Treas. Reg. Section 1.501(c)(3)-1(d)(2) provides the term "charitable" is used in Section 501(c)(3) of the Code in its generally accepted legal sense and includes relieving the poor and distressed or the underprivileged, combating community deterioration, lessening neighborhood tensions, and eliminating prejudice and discrimination. You did not provide evidence that you limit your activities to the poor and distressed, or exclusively for youth. While you do conduct activities that benefit the area youth, this is incidental to your operation of a social and recreational club for your adult members.
Treas. Reg. Section 1.501(c)(3)-1(d)(3)(i) provides, in part, that the term "educational" as used in Section 501(c)(3) of the Code relates to the instruction of the public on subjects useful to the individual and beneficial to the community. While you do provide some educational services, such as hunter safety education classes, there is no evidence you were formed and are operated exclusively for these purposes.
Although an organization may carry on activities that further one or more tax-exempt purposes, it will not be treated as operated exclusively for an exempt purpose if it has a single non-charitable purpose that is substantial in nature. See Better Business Bureau v United States and Schoger Foundation v. Commissioner
. Furthermore, more than insubstantial non-501(c)(3) purposes will defeat exemption under Section 501(c)(3) of the Code. See First Libertarian Church v. Commissioner of Internal Revenue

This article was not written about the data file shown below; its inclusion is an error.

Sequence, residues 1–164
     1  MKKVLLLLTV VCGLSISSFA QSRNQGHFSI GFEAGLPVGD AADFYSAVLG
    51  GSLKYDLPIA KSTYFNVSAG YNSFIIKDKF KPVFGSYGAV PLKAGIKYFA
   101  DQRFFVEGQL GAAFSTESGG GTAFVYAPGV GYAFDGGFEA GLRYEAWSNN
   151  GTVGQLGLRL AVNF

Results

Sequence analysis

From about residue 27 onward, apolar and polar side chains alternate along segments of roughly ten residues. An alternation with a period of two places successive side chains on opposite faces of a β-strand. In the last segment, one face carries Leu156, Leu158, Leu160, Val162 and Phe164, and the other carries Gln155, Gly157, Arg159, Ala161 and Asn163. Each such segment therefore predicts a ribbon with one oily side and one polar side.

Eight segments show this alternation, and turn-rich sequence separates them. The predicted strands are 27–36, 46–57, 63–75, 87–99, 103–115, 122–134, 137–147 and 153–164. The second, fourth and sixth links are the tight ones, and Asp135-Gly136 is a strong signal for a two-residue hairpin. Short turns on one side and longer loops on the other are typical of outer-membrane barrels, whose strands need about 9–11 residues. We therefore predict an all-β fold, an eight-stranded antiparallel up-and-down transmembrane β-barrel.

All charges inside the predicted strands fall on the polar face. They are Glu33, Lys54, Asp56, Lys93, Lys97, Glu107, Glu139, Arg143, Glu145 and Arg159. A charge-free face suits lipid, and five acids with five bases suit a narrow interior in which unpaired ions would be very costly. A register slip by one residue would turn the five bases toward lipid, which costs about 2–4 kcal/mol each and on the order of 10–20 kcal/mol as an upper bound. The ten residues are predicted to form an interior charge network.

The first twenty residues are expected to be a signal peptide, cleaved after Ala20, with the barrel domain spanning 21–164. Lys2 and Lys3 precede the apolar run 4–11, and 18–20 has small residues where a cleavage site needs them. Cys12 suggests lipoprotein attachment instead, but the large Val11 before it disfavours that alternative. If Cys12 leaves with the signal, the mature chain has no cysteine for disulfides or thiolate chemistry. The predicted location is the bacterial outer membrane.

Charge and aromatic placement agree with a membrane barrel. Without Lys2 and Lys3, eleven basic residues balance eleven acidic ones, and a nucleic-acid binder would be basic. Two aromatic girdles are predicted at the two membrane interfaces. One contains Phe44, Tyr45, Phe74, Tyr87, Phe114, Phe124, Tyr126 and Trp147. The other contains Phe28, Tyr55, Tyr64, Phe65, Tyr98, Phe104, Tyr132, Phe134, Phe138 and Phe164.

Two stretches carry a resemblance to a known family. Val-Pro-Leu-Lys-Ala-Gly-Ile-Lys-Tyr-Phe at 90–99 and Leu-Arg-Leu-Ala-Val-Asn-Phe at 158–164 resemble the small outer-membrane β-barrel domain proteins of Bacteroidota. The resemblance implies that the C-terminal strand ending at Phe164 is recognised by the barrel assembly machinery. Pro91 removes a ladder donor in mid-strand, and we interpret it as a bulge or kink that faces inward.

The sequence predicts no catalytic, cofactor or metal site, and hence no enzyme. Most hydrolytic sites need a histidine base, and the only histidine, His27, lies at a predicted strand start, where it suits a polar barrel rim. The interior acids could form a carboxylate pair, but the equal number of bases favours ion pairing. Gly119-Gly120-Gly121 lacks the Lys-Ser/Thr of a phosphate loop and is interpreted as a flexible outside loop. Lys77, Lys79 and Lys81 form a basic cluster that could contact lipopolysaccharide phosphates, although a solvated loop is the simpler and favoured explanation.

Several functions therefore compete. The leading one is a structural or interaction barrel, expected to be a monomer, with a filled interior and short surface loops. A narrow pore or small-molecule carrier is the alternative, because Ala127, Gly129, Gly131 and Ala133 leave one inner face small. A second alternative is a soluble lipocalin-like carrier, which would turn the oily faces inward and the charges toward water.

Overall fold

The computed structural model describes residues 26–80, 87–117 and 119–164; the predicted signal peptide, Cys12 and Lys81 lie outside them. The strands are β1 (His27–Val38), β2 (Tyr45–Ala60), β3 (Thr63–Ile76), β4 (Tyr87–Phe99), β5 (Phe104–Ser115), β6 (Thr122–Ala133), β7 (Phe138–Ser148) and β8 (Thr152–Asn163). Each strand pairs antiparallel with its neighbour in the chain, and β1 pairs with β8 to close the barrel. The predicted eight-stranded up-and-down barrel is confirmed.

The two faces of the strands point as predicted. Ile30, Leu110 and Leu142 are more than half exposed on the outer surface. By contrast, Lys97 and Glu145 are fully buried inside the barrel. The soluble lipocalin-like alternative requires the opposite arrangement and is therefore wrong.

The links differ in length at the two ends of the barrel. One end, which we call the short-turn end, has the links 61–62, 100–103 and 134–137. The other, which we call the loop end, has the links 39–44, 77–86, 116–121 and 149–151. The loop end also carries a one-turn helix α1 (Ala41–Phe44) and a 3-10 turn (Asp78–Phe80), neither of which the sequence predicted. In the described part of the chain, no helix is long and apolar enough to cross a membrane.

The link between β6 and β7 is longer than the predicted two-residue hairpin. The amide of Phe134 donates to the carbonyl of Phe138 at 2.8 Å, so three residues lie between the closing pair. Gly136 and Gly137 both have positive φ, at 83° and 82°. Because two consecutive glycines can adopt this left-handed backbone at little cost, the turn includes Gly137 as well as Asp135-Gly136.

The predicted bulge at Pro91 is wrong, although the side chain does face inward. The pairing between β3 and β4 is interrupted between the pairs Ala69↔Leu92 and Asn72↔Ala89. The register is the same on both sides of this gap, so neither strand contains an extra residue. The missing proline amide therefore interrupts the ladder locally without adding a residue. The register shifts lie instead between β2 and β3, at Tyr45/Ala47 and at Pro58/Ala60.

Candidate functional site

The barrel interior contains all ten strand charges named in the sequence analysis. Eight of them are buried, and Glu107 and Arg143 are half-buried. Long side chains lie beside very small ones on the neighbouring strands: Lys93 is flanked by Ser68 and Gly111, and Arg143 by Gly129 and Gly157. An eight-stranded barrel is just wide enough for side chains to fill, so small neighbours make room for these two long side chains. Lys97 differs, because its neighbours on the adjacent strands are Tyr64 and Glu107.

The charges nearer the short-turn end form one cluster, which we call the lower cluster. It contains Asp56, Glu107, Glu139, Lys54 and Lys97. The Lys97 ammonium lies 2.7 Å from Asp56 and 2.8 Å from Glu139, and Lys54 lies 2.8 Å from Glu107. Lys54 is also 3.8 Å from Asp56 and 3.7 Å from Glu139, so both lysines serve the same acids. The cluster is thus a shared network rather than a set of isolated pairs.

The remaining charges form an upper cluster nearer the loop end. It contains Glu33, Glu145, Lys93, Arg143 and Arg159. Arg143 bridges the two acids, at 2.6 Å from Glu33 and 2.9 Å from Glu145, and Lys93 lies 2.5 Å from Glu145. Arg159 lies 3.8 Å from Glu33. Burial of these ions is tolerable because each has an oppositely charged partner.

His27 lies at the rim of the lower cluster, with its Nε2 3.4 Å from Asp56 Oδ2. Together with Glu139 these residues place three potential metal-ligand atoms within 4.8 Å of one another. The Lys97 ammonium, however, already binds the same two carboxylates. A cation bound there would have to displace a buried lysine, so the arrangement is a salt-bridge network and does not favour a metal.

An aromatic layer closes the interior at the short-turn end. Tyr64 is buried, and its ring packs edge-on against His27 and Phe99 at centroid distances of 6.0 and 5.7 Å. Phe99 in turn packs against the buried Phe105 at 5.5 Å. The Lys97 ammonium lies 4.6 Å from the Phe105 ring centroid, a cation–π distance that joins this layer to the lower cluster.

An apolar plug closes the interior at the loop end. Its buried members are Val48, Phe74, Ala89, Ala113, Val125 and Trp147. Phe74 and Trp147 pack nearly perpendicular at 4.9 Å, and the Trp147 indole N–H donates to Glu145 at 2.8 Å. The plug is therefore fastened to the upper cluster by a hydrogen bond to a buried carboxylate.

(church that operated for social and political purposes to more than an insubstantial degree failed to qualify for exemption under 501(c)(3)); See Rev. Rul. 77-366 (winter cruise with religious and educational purposes, as well as social and recreational activities, not exempt under 501(c)(3)); and See Rev. Rul. 66-179 (garden club that conducts substantial social functions not exempt under 501(c)(3)). As stated above, while you do conduct some activities and serve some purposes that are exempt under Section 501(c)(3) you also serve more than insubstantial purposes that do not qualify under Section 501(c)(3).
Based on the facts and circumstances presented, you do not qualify for exemption from federal income tax as an organization described in Section 501(c)(3) of the Code. You are not organized or operated exclusively for exempt purposes as set forth in Section 501(c)(3). By providing members with an opportunity to pursue social and recreational sports activities, you are operated for a substantial non-exempt purpose. Your operations are not exclusively charitable or educational and resemble those of a social club.
If you agree
If you agree with our proposed adverse determination, you don't need to do anything. If we don't hear from you within 30 days, we'll issue a final adverse determination letter. That letter will provide information on your income tax filing requirements.
If you don't agree
You have a right to protest if you don't agree with our proposed adverse determination. To do so, send us a protest within 30 days of the date of this letter. You must include:
- Your name, address, employer identification number (EIN), and a daytime phone number
- A statement of the facts, law, and arguments supporting your position
- A statement indicating whether you are requesting an Appeals Office conference